Metacrock said...

Search, honestly and bravely, for those impossible rationales. Find, destroy, and discover and rebuild again, the meaning behind your tradition. But do it in private or in small groups. In your closet, for example. In real life, in the world, apply what you've learned, but shut up with the useless, pointless, completely irrational god talk. Stop trying to tell a good story, except perhaps, ashamedly, in private, to yourself and a small group of intimates. (Be suspicious of metanarratives!) Instead of trying to tell a good story, try to live a life that is both good and infectious. That's how you make things better.

pretty brave talk for 3%. you are that fearful of ideas that differ from your own that you uave to inaugurate some kind of Orwellian nightmare to shut them up?

I know atheists were Orwellian, thanks for confirming that.

Anonymous said...

I'll ask again: Do you understand the distinction between refuting the premise of an argument and disagreeing with that argument's conclusion?

I've refuted the premise of Hartshorne's argument. But I _agree_ with it's conclusion.

In other words, while I do not believe that what is meant by 'g-->[]g' is true (if we're dealing with s5) nevertheless I _do_ believe that g is true.

I believe in God, I just think the majority of the god-talk out there is bankrupt. So I typically avoid it, except when the opportunity arises to confront people (atheists and theists alike) with the bankruptcy of their god talk. (Which is, in the end, a case of their taking the Lord's name in vein.)

As it appears you chose not to respond to my other two posts on the blog, I invite you to respond to them personally to me at my email address. Once again, it's krhodes@martin.edu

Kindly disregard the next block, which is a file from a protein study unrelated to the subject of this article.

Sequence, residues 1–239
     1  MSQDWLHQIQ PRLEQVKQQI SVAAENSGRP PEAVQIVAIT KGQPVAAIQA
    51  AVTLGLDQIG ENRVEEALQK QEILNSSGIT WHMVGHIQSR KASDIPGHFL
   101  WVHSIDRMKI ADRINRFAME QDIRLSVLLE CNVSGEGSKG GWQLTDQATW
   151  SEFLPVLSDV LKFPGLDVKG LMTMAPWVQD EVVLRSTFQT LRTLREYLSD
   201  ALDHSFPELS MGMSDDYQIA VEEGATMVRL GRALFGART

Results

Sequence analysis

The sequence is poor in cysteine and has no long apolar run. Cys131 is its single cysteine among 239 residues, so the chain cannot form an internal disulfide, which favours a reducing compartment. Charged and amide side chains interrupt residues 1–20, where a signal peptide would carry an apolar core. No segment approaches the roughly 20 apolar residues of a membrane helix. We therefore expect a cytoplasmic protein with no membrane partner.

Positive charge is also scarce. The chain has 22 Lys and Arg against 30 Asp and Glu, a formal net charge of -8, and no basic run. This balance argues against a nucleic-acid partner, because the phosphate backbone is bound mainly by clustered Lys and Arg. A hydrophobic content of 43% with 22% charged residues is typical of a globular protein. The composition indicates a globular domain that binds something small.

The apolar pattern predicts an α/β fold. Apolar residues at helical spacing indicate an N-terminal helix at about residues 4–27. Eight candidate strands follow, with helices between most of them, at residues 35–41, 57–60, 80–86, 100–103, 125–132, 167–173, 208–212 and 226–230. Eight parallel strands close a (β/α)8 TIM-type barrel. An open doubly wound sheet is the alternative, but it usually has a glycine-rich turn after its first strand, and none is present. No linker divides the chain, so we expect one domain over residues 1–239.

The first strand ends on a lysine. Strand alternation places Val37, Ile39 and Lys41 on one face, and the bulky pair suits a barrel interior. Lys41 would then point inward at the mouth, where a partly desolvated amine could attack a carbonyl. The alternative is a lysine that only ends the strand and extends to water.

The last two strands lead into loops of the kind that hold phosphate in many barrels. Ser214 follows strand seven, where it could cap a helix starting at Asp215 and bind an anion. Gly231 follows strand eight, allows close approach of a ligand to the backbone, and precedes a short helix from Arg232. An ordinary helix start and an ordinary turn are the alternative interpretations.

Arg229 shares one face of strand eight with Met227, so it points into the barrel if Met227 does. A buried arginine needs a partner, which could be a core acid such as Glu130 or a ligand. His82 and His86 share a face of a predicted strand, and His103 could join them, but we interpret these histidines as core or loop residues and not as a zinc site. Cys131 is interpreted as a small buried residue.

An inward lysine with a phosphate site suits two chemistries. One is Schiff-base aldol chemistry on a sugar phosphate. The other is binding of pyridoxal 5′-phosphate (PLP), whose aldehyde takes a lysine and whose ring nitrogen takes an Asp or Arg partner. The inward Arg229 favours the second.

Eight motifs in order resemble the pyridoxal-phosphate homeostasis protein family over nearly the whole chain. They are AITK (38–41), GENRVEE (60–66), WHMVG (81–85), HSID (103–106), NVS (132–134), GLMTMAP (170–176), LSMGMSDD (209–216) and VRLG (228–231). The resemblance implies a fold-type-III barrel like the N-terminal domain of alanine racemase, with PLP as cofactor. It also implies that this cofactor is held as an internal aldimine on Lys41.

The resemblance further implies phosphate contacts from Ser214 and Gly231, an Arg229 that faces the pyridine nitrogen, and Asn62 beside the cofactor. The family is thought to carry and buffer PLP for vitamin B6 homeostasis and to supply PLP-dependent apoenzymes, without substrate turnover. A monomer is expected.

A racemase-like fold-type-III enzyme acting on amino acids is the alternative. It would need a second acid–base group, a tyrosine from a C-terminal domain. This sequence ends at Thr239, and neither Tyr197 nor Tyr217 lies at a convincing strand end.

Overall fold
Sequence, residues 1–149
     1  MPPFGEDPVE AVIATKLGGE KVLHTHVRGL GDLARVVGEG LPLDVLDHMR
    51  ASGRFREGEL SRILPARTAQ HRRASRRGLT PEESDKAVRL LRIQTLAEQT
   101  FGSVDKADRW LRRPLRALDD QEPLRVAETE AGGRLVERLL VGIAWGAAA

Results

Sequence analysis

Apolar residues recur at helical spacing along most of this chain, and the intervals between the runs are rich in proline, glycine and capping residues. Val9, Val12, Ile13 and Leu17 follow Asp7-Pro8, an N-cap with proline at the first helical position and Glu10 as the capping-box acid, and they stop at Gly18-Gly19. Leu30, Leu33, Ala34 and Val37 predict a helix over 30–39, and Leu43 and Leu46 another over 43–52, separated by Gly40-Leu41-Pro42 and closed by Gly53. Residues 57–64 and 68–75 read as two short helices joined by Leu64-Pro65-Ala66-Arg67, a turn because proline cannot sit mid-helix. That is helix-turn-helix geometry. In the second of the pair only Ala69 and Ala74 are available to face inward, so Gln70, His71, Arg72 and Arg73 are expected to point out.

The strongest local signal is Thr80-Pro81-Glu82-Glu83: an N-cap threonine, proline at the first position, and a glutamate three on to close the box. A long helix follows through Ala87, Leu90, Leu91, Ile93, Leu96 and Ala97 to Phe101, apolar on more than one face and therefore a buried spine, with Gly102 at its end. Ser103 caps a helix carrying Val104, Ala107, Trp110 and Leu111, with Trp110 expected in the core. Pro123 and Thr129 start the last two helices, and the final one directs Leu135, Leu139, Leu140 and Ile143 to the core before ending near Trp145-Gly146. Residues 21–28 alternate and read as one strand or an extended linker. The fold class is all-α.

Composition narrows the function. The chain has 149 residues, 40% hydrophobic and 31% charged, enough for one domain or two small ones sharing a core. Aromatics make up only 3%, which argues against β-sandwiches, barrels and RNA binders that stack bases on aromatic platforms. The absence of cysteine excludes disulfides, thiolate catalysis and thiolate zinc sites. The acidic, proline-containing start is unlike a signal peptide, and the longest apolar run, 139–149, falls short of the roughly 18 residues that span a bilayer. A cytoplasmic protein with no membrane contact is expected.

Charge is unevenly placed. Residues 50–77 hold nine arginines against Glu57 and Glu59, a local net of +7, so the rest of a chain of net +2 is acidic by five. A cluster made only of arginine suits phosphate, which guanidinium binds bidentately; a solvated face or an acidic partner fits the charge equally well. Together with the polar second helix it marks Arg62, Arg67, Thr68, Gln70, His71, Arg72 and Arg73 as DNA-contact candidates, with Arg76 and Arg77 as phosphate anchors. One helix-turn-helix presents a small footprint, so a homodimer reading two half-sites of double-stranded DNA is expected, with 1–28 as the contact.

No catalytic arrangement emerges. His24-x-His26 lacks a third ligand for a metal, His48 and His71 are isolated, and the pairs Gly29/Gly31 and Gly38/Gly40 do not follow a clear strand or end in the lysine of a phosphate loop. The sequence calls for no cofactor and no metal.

Metacrock said...

then you are really stupid. the thing makes God God is being necessary. A God that is contingent is not God. A contingent god is just a big man in the sky like Zeus or superman. not worthy of worship.

Miles said...

Meta, let off. I completely disagree with this guy but he hasn't done anything offensive.

By the way, Anonymous, do you mean that in the sense of Wittgenstein. That in the case of God and metaphysics we must be respectfully silent?

Anonymous said...

@Miles, it's entirely possible that my thoughts are Wittgenstinian. I have read him, but I haven't paid attention to the specific ways he may have affected the way I think. I can see the possible influence though, now that you mention it.

I don't think there's an absolute rule against using god talk, I just think that enough of it these days is so hopelessly confused and, well, un_sanctified_ for lack of a better word, that I think it's counterproductive for most of us (even Christians!) to engage in it. It's more important to engage the world in the spirit of Christ than it is to argue about what sentences should have the word "god" in them and where.

(And metaphysics I'd better be okay with--it's part of my stock in trade IRL!)

Metacrock said...

It's more important to engage the world in the spirit of Christ than it is to argue about what sentences should have the word "god" in them and where.

It's a blog. it's not on television. you don't have to read it, understand?

Anonymous said...


Thank you for the interesting conversation, old friend.

Metacrock said...

Thank you for the interesting conversation, old friend.

sure not problem go li. if you really know me from the past you know one thing I don't respond to well is being told I don't know anything.

don't give me any dying martyr reunite you called the tune with snotty attitude.

Anonymous said...

Please don't neglect to publish my previous post, and also, please respond to the following. It is my own very very sloppy (because I have only just now sketched it out) argument for God's existence, a certain conception of God's nature, and a certain idea about how we ought to respond to God's existence and nature. You will see a lot of Kant in what follows, which surprised me as I was writing it!